SYRACUSE, N.Y. -- They'll call Jeff Belge's name at some point in next week's MLB Draft. Some club will take the 18-year-old left-hander from Henninger High School and try to woo him into walking away from his commitment to St. John's, then put him through the rigors of professional ball.Maybe
SYRACUSE, N.Y. -- They'll call Jeff Belge's name at some point in next week's MLB Draft. Some club will take the 18-year-old left-hander from Henninger High School and try to woo him into walking away from his commitment to St. John's, then put him through the rigors of professional ball.
Maybe Belge will one day be in the infinitesimal percentage of ballplayers who dream of making it to the Majors and actually do so. Maybe not.
But Belge, by sheer virtue of being a baseball player from this city, is already an outlier.
"We have five high schools in the city of Syracuse," said city council member Susan Boyle, "and only one baseball team. With 15 kids. There were no cuts."
Baseball is on life support here. But the city is not going to let it die.
And so, on a sunny Friday morning, on the fresh-cut field in Burnet Park, where Major League Baseball kicked off its "Play Ball Summer" event, the city of Syracuse -- along with the local Reviving Baseball in Inner Cities program -- ceremonially reacquainted itself with the game. About 250 inner-city fifth- and sixth-grade kids were bused over from their schools, pointed to the diamond and let loose. With Commissioner Rob Manfred, a number of Major League and local dignitaries, and Belge looking on, the kids raced around the bases, they smacked plastic balls and they fielded.
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What happened here was illustrative of Manfred's big-picture intent, which is to make sure the sport at its highest level is doing everything it can to ignite interest at the lowest levels, so that the future Jeff Belges don't get lost to other sports.
The Play Ball initiative is already one of the key early successes of Manfred's tenure as Commissioner. Last year, Manfred attended the National Conference of Mayors, gave a five-minute speech about the importance of engaging the youth space and came out with 140 pledges from 140 cities to hold a Play Ball event in the month of August.
This year, there will be 200 such events spread throughout the summer and throughout the country.
"There are challenges for baseball in the youth market," Manfred said. "It can be expensive. What you need to have a formal game, people see as a limitation. I think it's important for Major League Baseball to emphasize that you can engage in this game in a very simple way."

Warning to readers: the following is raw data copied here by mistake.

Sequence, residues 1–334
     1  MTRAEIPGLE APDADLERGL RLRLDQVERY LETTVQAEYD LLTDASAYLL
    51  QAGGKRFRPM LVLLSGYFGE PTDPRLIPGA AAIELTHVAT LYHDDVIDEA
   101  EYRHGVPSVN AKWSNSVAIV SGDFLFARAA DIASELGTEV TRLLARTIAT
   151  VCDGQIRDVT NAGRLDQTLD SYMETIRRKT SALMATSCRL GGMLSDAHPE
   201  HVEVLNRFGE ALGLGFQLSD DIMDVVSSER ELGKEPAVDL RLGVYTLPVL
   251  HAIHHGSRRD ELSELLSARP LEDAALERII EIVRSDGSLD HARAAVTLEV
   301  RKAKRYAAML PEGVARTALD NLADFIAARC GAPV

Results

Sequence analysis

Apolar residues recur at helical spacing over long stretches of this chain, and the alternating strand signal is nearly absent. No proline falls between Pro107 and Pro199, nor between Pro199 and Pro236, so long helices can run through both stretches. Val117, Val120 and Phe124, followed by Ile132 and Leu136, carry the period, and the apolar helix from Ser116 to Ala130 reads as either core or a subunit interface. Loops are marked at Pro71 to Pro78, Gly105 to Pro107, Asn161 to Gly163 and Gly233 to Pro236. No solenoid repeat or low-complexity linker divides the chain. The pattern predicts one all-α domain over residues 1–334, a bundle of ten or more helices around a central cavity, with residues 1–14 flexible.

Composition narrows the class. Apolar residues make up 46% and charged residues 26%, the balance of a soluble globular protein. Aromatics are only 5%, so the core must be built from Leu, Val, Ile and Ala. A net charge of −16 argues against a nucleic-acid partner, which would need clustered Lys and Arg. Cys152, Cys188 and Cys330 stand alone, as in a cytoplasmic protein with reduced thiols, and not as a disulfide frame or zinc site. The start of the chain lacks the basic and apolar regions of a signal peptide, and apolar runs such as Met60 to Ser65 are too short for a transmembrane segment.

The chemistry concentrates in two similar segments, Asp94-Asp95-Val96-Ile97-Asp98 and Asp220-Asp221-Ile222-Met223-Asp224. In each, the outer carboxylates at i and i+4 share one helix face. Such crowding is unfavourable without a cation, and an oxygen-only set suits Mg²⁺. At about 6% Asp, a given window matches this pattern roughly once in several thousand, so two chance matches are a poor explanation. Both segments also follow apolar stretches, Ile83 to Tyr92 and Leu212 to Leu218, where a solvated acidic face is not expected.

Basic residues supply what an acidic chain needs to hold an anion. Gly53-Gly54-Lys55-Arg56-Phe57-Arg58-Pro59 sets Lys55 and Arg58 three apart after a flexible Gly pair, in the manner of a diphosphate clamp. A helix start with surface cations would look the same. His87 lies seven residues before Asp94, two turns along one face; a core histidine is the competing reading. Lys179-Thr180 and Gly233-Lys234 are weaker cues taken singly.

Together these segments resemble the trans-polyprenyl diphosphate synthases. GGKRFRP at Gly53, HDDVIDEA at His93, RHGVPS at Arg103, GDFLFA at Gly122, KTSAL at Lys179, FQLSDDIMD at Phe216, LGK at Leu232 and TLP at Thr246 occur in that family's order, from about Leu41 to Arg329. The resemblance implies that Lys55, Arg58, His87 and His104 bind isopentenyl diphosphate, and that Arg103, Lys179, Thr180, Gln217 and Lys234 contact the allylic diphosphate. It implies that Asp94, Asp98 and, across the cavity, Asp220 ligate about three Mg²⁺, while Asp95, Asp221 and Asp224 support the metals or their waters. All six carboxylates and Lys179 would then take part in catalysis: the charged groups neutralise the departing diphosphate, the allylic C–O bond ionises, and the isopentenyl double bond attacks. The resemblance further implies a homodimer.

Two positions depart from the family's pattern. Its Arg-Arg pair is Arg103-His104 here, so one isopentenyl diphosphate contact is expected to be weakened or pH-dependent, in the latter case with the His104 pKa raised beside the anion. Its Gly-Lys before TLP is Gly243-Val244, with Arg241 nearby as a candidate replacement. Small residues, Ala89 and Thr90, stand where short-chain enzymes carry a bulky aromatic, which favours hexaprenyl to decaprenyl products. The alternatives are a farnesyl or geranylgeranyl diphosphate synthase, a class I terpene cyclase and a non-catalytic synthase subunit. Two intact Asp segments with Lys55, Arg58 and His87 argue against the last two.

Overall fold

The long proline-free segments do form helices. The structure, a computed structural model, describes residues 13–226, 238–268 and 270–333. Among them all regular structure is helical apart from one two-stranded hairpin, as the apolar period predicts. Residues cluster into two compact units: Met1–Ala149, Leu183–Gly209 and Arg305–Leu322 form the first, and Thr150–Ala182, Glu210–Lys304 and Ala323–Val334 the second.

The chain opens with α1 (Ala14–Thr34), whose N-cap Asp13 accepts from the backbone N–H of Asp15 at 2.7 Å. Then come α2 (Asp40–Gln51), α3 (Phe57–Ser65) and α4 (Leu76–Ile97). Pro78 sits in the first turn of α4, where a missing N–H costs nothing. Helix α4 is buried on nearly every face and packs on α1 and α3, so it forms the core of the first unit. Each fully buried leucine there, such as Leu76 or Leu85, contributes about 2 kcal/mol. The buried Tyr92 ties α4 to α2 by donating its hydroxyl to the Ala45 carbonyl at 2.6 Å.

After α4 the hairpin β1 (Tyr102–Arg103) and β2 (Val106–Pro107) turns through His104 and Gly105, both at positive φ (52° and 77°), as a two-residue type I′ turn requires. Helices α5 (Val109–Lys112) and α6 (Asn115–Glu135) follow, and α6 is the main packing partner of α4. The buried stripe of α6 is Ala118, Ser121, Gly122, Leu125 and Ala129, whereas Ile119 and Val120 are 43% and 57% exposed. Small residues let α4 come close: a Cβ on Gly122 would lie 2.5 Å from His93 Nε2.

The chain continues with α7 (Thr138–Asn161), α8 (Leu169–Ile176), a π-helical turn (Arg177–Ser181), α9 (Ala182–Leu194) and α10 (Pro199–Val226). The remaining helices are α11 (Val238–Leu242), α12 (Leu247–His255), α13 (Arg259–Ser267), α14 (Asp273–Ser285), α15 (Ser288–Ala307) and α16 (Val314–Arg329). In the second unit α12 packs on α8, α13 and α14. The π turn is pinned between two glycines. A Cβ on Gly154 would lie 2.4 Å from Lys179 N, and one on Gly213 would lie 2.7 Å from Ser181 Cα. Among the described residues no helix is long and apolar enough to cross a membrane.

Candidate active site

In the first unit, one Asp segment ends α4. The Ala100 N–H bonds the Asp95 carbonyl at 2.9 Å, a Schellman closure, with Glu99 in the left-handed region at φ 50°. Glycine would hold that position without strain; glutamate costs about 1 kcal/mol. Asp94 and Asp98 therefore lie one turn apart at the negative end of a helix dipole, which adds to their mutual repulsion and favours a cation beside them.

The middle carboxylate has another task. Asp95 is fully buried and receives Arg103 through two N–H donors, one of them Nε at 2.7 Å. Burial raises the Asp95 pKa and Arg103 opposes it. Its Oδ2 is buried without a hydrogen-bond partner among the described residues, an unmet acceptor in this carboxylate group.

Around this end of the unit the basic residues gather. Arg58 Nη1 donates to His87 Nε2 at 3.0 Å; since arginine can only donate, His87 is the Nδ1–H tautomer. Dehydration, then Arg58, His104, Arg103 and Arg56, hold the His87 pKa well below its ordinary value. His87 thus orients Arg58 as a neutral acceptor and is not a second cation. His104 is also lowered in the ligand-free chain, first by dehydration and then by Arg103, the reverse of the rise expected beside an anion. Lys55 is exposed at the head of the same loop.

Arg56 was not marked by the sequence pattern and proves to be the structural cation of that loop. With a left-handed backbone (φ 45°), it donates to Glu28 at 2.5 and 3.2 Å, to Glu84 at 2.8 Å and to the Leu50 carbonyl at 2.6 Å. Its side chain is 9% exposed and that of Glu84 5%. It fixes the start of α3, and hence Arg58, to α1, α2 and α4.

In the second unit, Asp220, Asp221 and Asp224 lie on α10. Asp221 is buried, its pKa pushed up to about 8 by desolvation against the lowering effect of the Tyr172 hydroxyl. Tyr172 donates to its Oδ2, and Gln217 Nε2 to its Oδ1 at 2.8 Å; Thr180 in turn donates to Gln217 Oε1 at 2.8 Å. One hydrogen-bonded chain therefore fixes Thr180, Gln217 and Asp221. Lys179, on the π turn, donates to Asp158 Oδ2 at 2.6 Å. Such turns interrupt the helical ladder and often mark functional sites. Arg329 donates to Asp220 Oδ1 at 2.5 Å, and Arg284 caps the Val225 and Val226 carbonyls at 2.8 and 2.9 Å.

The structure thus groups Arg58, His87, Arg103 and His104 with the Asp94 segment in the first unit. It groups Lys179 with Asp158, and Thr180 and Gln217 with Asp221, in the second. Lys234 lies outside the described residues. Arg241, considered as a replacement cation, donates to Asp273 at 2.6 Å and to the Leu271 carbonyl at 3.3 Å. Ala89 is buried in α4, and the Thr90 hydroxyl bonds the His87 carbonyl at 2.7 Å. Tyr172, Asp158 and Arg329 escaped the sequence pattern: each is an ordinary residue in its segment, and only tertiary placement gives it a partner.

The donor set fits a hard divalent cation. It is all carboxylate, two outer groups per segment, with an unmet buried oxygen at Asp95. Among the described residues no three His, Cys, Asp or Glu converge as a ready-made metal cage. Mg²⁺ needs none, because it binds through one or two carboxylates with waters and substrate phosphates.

At Burnet Park, only one kid was even spotted wearing so much as a glove. The vast majority rotated through the stations, laughed and played with their friends, and they did it all without anything fancier than a plastic bat and ball.
"Some of them didn't even know how to swing a bat," said Tony Reagins, MLB's senior vice president of youth programs who spent the morning pitching to the kids. "By the end, they were making contact."
This direct contact with the game matters.
Manfred has often pointed out that youth participation in a sport is the chief precursor to lifelong fanship. And this particular Play Ball event carried particular significance for the Commissioner, given that he grew up 40 minutes away in small-town Rome, N.Y., learning the benefits of the game.
Sometimes the hard way.
"I was probably the worst Little Leaguer of all-time," Manfred said. "Reasonably athletic, but baseball was not easy for me. But it was a formative experience for me. The game taught me values like teamwork and persistence that stayed with me my entire life."
Alas, not everybody comes to the game naturally, especially those in urban areas. Syracuse schools superintendent Sharon Contreras estimated that 80 percent of the kids in her schools are of African-American or Hispanic descent, and many of them had never had any involvement with baseball before Friday.
"On a very personal level," Contreras said, "I think of growing up and my five brothers being so involved in Little League and thinking about how when I go around to parks now, you see kids playing basketball or Pop Warner football, but you don't see them playing baseball. We want to revive that spirit in urban areas. This is our renewed commitment to baseball."
Alarmed with the issue at the high school level, Boyle, mayor Stephanie Miner and others took a closer look at the RBI program. They reached out to MLB and procured a donation of 450 uniforms. They were put in touch with another donor who came through with $14,000 worth of bats, balls and other equipment. And now, the local Boys & Girls Club and volunteers and donors are helping out with transportation logistics and other hurdles to ensure that this summer's RBI season will be absolutely free of charge for those who participate.
"We're trying to break down the excuses and the reasons why people can't participate," Boyle said. "If we can fill these 450 uniforms, we're going to have 450 kids off the street."
On this day, they were out of school, however briefly. And conditions were ripe to create a love affair with the game.
"The goal," said RBI director David James, "is they come out, have fun, swing the bat, throw the ball and say, 'You know what? I like this!'"
Maybe somewhere in that crowd of kids was the next Jeff Belge, who, on the precipice of hearing his own name called by a Major League club, looked on and grew more hopeful about his hometown's connection to the game he loves.
"There's definitely untapped potential here," Belge said. "We've just got these kids here today to stick with it."
Anthony Castrovince is a reporter for MLB.com. Read his columns and follow him on Twitter at @Castrovince.